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To alleviate this problem, WeeCare has raised $4.2 million to help those who made the leap to parenthood find affordable early child care providers. It does this by turning child care into a potentially lucrative gig economy opportunity for those with empty homes and endless patience.
WeeCare is taking upon itself the task of training, licensing, and certifying child care providers, a workforce which is lacking in many areas of the United States. Once licensed, the startup keeps providers on its platform by offering services such as finance, billing, and marketing management.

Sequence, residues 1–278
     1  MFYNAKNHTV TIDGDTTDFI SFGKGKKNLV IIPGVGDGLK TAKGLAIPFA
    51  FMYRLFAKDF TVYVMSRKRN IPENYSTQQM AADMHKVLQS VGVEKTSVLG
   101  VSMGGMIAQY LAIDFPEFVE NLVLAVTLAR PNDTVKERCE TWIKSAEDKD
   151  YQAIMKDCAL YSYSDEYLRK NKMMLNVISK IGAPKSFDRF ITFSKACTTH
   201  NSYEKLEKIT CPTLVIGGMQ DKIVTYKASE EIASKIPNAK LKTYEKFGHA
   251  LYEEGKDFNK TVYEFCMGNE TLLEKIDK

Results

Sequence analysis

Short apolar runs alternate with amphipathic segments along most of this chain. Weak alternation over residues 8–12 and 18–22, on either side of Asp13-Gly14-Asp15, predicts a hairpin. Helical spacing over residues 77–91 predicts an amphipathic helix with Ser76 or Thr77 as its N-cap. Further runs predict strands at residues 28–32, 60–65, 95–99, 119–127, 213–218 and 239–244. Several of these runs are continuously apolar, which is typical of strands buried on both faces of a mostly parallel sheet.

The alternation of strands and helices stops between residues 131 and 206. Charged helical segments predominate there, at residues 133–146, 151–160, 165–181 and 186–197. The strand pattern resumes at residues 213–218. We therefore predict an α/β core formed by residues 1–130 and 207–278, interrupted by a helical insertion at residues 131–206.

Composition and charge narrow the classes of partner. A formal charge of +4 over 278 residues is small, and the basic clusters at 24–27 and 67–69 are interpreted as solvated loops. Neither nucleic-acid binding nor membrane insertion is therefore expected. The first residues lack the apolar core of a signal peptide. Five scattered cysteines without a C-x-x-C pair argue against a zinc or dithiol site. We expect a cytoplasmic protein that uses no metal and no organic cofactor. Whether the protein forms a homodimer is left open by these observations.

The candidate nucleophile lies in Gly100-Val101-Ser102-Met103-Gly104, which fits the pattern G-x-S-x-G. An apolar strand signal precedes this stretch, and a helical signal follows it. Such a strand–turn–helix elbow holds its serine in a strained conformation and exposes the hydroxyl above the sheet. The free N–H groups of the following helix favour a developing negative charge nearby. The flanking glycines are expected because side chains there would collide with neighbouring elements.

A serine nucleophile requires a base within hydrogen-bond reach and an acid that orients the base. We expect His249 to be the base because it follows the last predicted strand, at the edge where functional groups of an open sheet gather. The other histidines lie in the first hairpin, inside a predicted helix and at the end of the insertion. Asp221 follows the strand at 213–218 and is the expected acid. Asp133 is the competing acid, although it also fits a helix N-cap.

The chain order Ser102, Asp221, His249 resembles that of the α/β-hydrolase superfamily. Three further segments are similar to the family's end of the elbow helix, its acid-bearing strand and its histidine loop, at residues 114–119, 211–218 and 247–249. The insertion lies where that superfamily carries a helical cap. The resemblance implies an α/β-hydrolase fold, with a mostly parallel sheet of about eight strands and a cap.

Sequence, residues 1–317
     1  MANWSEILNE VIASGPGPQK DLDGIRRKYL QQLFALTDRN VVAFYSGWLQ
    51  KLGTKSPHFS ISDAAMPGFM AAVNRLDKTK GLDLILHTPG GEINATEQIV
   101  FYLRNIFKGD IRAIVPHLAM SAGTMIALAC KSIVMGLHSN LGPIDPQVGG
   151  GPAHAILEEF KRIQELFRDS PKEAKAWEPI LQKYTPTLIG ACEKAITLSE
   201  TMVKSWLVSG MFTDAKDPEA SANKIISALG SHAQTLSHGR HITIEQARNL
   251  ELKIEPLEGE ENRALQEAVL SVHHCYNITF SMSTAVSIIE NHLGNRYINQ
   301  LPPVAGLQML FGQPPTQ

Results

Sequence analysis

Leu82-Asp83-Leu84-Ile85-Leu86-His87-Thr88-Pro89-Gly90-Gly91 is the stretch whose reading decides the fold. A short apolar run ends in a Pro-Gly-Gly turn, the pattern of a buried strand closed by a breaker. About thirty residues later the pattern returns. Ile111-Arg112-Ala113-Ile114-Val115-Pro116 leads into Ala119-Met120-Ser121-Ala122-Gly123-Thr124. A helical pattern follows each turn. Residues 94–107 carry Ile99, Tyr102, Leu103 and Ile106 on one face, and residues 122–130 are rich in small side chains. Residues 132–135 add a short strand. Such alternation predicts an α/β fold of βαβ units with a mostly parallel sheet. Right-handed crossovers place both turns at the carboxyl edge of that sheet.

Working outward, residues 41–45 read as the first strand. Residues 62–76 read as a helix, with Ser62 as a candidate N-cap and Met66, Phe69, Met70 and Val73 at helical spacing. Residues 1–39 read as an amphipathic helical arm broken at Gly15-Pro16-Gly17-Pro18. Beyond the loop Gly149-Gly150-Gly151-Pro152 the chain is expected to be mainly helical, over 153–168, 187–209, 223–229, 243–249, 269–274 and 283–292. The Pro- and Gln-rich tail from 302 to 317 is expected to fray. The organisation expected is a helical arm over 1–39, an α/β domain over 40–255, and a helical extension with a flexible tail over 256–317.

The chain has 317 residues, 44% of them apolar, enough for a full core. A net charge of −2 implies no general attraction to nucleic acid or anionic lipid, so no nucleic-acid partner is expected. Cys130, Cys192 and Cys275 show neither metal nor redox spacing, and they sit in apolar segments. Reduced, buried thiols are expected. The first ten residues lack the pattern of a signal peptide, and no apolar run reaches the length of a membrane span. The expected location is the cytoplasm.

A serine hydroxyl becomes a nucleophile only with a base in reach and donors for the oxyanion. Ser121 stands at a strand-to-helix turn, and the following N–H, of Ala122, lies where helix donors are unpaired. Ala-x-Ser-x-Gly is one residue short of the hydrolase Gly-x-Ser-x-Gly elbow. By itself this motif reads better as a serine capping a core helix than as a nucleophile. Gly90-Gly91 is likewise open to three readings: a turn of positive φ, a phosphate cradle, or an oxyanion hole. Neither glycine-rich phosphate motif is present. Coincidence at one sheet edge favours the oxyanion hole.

It is presumably this increase in child care providers, and likely a good dose of VC subsidy, that allows WeeCare to offer rates that are “30 to 40 percent more affordable” than standard daycare arrangements, according to the company’s press release. For parents who often pay a college tuition and then some to maintain a career and kids, it’s a savings that will likely be hard to ignore.
Adam Nelson, a Social Capital partner whose firm led WeeCare’s latest infusion of cash, said in a press statement that the startup will “free up primary caregivers to pursue their career with peace of mind.”
But Social Capital isn’t the only investor with its sights set on the lucrative childcare market. Baby-focused startups are also drawing seed-stage funding, according to a Crunchbase News report. And in the past year, over a quarter billion in private capital has been put into child care startups.